Today, like a bright ray of sunshine in the miserable rain, the trailer arrived! Since I made the irresponsible decision to build in a suburb it was a bit difficult making sure the street was clear of parked cars, and the trailer almost scraped the sidewalk on the way in. It will almost certainly be ten times more difficult getting the finished house out of the yard when it’s done, but I’m going to casually ignore that problem right now.
Sometimes if a system has been around a long time, upgraded a bunch, perhaps restored from backup, it will start to act up in weird ways. This is the dreaded “cruftiness” that Windows was famous for. You could treat a Windows XP system delicately, and there would still come the day when it was performing so badly it was easier to reinstall the OS than try to fix it.
Well, it can happen to linux, too. I was seeing odd behavior with suspend and resume, and very slow wifi reconnect times, and after dutifully filing a bug I eventually determined the problem was some crufty junk on my system related to a hard drive transfer I’d done.
I thought I was in for a class Linux Weekend — install the new OS, copy my home folder, and then painstakingly reinstall all the programs and packages I use that aren’t in the default installation.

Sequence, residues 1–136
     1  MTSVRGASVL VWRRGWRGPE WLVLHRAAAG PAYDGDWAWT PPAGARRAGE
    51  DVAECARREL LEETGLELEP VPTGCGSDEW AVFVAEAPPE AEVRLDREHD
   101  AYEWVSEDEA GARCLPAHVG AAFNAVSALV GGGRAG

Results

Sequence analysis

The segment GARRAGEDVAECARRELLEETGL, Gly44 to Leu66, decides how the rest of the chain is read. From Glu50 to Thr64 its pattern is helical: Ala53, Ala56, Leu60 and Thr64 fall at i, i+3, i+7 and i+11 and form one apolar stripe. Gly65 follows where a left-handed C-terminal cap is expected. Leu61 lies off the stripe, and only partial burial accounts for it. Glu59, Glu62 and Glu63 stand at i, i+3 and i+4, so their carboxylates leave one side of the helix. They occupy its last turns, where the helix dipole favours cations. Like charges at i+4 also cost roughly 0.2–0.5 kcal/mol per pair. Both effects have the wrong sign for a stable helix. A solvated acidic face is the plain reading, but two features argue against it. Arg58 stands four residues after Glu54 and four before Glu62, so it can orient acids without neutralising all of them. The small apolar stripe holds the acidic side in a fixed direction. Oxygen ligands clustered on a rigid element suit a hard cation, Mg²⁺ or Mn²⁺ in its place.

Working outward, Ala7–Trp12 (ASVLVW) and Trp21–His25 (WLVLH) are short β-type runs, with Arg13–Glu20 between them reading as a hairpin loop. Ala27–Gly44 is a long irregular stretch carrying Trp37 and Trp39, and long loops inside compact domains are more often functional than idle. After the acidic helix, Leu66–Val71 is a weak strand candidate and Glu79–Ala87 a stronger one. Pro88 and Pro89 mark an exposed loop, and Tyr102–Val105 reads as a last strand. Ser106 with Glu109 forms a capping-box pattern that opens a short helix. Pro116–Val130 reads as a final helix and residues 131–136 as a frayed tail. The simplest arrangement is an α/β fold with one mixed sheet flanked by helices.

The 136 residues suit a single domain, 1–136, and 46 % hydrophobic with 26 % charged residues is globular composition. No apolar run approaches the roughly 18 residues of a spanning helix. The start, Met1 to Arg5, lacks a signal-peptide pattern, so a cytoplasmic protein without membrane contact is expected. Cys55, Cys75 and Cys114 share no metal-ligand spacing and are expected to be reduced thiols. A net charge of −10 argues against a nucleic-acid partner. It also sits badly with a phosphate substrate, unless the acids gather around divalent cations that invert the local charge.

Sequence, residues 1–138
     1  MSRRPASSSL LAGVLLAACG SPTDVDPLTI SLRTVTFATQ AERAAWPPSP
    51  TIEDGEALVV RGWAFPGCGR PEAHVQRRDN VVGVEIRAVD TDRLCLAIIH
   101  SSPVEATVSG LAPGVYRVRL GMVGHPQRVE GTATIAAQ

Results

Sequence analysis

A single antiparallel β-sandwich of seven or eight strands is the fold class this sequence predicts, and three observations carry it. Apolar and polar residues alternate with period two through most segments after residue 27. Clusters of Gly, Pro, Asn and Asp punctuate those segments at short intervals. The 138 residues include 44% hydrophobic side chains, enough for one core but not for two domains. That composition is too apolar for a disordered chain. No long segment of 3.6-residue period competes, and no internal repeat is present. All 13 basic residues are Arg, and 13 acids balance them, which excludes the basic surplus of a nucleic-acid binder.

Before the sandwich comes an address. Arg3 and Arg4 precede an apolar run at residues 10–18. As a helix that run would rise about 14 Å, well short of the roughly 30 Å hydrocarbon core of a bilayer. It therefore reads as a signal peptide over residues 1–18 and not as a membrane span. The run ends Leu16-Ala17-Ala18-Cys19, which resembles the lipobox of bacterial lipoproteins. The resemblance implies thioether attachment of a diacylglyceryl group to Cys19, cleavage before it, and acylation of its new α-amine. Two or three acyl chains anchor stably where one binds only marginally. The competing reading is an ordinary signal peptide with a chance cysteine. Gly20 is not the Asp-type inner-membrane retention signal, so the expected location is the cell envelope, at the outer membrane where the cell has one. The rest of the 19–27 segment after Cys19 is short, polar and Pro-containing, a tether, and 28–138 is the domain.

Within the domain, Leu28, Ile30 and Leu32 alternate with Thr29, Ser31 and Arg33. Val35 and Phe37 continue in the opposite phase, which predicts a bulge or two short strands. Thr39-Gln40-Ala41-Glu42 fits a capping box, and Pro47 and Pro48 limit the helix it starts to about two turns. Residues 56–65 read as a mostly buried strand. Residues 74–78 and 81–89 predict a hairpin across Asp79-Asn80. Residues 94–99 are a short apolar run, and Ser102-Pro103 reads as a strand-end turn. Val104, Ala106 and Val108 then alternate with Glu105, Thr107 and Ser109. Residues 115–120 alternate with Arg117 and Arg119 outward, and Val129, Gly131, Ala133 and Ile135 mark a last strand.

No need! Ubuntu now has a special installation mode called “Reinstall”. It preserves all your user files while cleaning out the system folders completely. Then it installs a fresh OS and tries to install as many of your programs as it can find.
After I rebooted, there were a tiny number of custom-installed programs that the system couldn’t reinstall, but otherwise everything was where I left it and suspend and resume now work perfectly. Ah yes, and all of my wifi access points have been forgotten. For something I just let run over night, this was relatively painless and worked great! 5 stars.
I bought a record, and the label is all puffed up so it doesn’t sit flat on the b side.
edit: My buddy Nick points out this happens when the plant accidentally attaches two labels to one side of the record. I carefully cut away the label, and sure enough, there’s a second one hiding underneath. Thanks Nick!